Wrongful Death FAQs

Whether you lost a husband in a tragic Northern California freeway accident; or a beloved aunt passed away after her nursing home neglected to give her proper medications, you likely have crucial and urgent questions about wrongful death law. This FAQ section will highlight common questions and answer them in clear language.

Who is eligible to collect in a wrongful death suit?

Typically, a spouse, family member, or loved one of the decedent can collect damages. Step-children, parents of the decedent, dependents of the decedent, adopted children, minors who had been residing in the household, and eligible domestic partners may all recover.

What's the statute of limitations on wrongful death action in California?

Two years from the date of death. Thus, if your wife got killed in a car crash on January 1, 2006, you would have until January 1, 2008 to bring an action to recover damages.

What kinds of damages can you recover?

A. Loss of income, benefits, and other financial contributions

If a third-party's negligence or carelessness causes the death of a loved one, a survivor can get compensated for lost income and other benefits. For instance, if your husband got killed in a construction accident, you should be able to get money for his lost earnings.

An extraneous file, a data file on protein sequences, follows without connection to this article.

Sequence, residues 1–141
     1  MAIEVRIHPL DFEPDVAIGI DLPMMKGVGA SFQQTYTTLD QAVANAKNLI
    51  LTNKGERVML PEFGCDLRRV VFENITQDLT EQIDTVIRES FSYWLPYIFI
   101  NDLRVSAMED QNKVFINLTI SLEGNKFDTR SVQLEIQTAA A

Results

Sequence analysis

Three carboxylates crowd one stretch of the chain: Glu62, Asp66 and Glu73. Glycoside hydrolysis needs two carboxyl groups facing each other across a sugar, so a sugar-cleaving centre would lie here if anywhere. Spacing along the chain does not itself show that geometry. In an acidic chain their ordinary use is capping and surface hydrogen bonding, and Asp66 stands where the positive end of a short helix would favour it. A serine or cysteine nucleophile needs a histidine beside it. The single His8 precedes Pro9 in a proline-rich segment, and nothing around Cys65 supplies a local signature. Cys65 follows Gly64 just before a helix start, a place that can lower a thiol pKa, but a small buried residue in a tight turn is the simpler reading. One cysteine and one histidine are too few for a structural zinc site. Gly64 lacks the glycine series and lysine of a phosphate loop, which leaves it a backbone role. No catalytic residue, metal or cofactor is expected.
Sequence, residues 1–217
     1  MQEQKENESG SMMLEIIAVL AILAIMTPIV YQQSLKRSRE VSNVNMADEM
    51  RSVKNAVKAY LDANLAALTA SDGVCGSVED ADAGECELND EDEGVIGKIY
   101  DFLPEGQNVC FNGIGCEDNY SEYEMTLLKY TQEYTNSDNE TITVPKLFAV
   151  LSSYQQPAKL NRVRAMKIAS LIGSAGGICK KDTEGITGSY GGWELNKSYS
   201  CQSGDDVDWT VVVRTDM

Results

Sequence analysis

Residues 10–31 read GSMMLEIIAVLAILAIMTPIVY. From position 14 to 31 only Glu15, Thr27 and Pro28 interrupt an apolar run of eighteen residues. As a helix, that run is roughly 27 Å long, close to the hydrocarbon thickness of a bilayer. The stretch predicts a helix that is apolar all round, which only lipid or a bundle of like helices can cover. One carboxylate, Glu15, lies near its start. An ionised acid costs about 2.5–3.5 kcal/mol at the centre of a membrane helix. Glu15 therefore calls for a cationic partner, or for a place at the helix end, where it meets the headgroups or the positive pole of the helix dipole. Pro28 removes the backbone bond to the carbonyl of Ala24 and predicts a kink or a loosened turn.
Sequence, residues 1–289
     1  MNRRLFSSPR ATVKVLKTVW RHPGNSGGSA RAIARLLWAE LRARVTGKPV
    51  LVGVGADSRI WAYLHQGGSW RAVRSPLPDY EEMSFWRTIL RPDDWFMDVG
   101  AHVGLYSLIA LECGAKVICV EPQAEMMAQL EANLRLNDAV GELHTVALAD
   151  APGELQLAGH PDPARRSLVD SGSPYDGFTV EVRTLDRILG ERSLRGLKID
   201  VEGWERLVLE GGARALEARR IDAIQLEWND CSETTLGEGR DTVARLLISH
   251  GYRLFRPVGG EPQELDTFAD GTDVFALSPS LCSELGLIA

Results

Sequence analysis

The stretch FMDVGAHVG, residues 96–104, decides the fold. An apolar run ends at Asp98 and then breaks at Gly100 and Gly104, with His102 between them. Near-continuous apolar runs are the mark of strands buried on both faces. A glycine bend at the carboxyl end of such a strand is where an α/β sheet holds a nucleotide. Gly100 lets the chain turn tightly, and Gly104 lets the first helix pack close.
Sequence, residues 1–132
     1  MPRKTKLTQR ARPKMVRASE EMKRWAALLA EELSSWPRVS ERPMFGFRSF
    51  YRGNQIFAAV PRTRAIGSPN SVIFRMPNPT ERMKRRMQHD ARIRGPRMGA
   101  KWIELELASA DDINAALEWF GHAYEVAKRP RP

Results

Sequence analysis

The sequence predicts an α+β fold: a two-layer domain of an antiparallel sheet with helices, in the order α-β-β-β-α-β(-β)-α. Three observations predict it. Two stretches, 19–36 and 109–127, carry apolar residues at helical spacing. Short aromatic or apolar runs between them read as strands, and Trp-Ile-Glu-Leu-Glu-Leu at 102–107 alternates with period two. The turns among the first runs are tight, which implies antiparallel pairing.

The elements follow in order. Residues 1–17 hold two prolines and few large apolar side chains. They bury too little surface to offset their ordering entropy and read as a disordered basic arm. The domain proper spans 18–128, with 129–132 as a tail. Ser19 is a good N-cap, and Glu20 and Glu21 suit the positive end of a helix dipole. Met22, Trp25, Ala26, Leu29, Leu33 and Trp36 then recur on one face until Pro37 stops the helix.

B. Loss of support and services

For instance, if your grandfather provided childcare services for a grandchild worth $500 per week, and then he suffered a fatal injury in a freeway collision, his family could demand compensation for the loss of that support/service.

C. Loss of consortium, companionship, love, and protection

The loss of a loved one can powerfully and permanently impact family members and loved ones. The task of quantifying this loss can be quite complicated, as it is obviously very difficult, if not impossible, to put a price on love and companionship. In general, the court will look at how close the decedent was to the person who seeking wrongful death damages as well as the age and health of the survivor. Life expectancy will also come into play. For instance, an elderly grandmother might not have lived more than another 10 or 20 years; whereas a 25 year old mom in the prime of life might have lived for much longer.

What damages may not be recovered?

The pain and suffering and medical bills the decedent incurred before death will not be compensated. However, the executor of the decedent's estate can bring something called a survival action to get compensated for these costs.

Likewise, the mental suffering of the survivor does not constitute grounds for compensation. However, survivors should be able to recover money through the "loss of love and companionship" argument discussed above.

What can I do to protect my rights and ensure the most effective, efficient way of handling a California wrongful death suit?

For a free and confidential consultation, connect with the wrongful death lawyers at Caputo & Van Der Walde LLP. Our firm focuses on California personal injury, and we've helped hundreds of clients discover resourceful, principled, and effective strategies to get compensation for serious losses. Call (800) 900-0863 for more information.

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